Feb. 2 (Bloomberg) -- Oil declined to a six-week low in New York as U.S. supplies climbed and fuel demand tumbled. Brent crude in London traded at the biggest premium to the American benchmark grade in 12 weeks.
Futures fell for a fifth day, capping the longest stretch of downward moves since August, after the Energy Department reported yesterday that oil supplies rose to a three-month high last week. Fuel use dropped 8.3 percent to 17.7 million barrels a day, the least since 1999. Tension over Iran’s nuclear program may ease after UN inspectors announced more talks in Tehran.
“The market is looking heavy because supplies are rising and demand is very weak,” said Phil Flynn, an analyst at PFGBest in Chicago. “A major reason for the recent rise in prices was concern about Iran. The hyperbole about the Iranian situation has calmed down.”
Crude oil for March delivery declined $1.25, or 1.3 percent, to $96.36 a barrel on the New York Mercantile Exchange, the lowest settlement since Dec. 19. Prices are down 2.5 percent this year.
Brent oil for March settlement rose 51 cents, or 0.5 percent, to end the session at $112.07 a barrel on the London- based ICE Futures Europe exchange. It was the highest close since Jan. 11.
The European benchmark contract’s premium to West Texas Intermediate futures widened to $15.71, the most since Nov. 10. Brent’s premium rose to a record of $27.88 on Oct. 14 before narrowing to $6.82 in intraday trading on Jan. 3.
“The Brent premium to WTI came in quite dramatically late last year,” said Mike Wittner, head of oil market research at Societe Generale in New York. “It looks like we’re trying to find a balance after that big move. I don’t think the spread is heading for $20 or $25 again.”
Gasoline consumption decreased to 7.97 million barrels a day, the lowest level since September 2001, according to Energy Department data. Stockpiles of the fuel increased 3.02 million barrels last week, the report showed yesterday.
“Gasoline supplies rose 3 million barrels even though production was down because demand is so weak,” said Stephen Schork, president of the Schork Group in Villanova, Pennsylvania.
Crude oil supplies rose 4.18 million barrels to 338.9 million in the week ended Jan. 27. Inventories at Cushing, Oklahoma, the delivery point for New York-traded futures, advanced 1.48 million barrels to 30.1 million last week, the biggest gain since March.
“Demand looked weak across the board, which is going to weigh on the entire U.S. energy complex,” Wittner said. “It’s now February and refineries have already started planned maintenance, which explains the rise in Cushing supplies.”
Refineries operated at 81.8 percent of capacity, down 0.4 percentage point from the week before. It was the lowest operating rate since May. Units are often idled for maintenance in February as attention shifts away from heating oil and before gasoline use rises.
“The bears worried about poor demand,” said Christopher Bellew, a senior broker at Jefferies Bache Ltd. in London, who expects Brent crude to trade in a range of $110.50 to $112.50 a barrel this week. “But Iran is still a cause for concern.”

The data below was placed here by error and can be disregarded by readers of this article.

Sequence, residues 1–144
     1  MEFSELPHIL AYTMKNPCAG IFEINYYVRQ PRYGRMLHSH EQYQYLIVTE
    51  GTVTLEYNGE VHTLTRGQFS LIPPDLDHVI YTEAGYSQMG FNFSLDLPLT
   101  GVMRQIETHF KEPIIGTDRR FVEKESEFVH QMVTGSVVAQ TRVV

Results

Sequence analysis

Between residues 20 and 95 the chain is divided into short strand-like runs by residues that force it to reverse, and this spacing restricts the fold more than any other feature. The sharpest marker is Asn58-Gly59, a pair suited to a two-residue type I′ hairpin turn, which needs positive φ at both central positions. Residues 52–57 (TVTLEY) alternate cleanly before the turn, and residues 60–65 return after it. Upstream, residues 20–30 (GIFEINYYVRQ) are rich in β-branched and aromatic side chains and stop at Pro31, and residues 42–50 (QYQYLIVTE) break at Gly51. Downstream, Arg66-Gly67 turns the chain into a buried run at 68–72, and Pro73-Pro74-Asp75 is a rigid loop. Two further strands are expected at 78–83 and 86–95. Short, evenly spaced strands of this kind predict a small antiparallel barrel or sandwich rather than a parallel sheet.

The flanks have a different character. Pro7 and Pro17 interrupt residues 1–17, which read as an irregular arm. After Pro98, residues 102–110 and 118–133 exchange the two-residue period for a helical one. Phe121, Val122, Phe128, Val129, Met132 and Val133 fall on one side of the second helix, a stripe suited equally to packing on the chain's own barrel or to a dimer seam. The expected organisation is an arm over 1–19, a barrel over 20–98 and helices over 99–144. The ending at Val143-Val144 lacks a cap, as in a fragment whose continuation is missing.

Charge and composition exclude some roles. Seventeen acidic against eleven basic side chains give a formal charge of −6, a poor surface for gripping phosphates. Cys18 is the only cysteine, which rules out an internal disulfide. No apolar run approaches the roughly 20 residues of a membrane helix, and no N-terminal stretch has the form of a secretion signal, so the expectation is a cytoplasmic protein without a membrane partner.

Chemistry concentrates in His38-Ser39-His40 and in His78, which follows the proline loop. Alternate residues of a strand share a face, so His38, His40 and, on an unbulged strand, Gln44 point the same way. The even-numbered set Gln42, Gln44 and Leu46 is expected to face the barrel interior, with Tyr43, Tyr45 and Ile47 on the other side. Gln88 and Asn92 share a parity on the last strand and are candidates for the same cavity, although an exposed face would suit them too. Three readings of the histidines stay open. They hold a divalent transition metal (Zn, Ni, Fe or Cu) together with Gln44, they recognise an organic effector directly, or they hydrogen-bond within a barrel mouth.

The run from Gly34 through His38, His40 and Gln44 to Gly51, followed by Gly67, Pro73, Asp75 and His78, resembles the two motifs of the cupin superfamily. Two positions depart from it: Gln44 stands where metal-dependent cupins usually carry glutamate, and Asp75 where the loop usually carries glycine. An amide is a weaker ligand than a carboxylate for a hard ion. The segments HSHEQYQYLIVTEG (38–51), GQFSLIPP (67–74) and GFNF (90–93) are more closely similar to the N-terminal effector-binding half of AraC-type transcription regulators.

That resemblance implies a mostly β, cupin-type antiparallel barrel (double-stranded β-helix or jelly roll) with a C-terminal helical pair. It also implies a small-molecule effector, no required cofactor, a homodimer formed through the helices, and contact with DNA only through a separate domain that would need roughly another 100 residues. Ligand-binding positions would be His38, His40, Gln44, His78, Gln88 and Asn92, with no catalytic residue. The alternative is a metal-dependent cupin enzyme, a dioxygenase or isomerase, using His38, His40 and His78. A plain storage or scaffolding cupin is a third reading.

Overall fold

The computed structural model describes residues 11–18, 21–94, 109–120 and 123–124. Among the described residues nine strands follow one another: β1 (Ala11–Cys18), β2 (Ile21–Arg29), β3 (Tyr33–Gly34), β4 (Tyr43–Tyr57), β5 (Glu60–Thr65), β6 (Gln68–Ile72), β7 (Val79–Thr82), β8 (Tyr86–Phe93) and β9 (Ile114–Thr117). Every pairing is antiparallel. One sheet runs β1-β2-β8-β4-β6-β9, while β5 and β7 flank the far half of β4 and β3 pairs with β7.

Oil in New York surged to $103.74 a barrel on Jan. 4, the highest level since May 11, on concern that rising tension between Iran and the West would lead to a disruption of shipments from the Persian Gulf. The country has threatened to close the Strait of Hormuz, the transit point for about a fifth of global oil, if its exports are banned.
International Atomic Energy Agency inspectors are preparing for more talks over the “possible military dimensions to Iran’s nuclear program,” the Vienna-based agency said yesterday in a statement after a three-day visit that ended Jan. 31. The team will return to Tehran for talks on Feb. 21 and Feb. 22. The IAEA is the United Nations’ nuclear agency.
“The scheduled return of the UN inspectors to Iran is calming the market,” said Michael Lynch, president of Strategic Energy & Economic Research in Winchester, Massachusetts. “We don’t know yet if this is just stalling, or whether this will lead to negotiations. Sanctions are hurting the Iranian economy and they might be ready for a deal this time.”
The Organization of Petroleum Exporting Countries will export 23.52 million barrels of crude a day in the four weeks to Feb. 18, 1.1 percent more than the 23.26 million barrels in the period to Jan. 21, Halifax, England-based tanker-tracker Oil Movements said in an e-mailed report. The figures exclude Angola and Ecuador.
OPEC production rose to a three-year high of 30.9 million barrels a day in January as Libyan output rebounded, a Bloomberg News survey showed on Jan. 31.
“OPEC keeps increasing production,” Flynn said. “There’s no shortage of oil.”
Oil volume in electronic trading on the Nymex was 654,558 contracts as of 3:09 p.m. in New York. Volume totaled 618,838 yesterday, 6 percent above the three-month average. Open interest was 1.42 million contracts, the most in three months.
--With assistance from Grant Smith and Sherry Su in London. Editors: Richard Stubbe, Bill Banker
To contact the reporter on this story: Mark Shenk in New York at firstname.lastname@example.org
To contact the editor responsible for this story: Dan Stets at email@example.com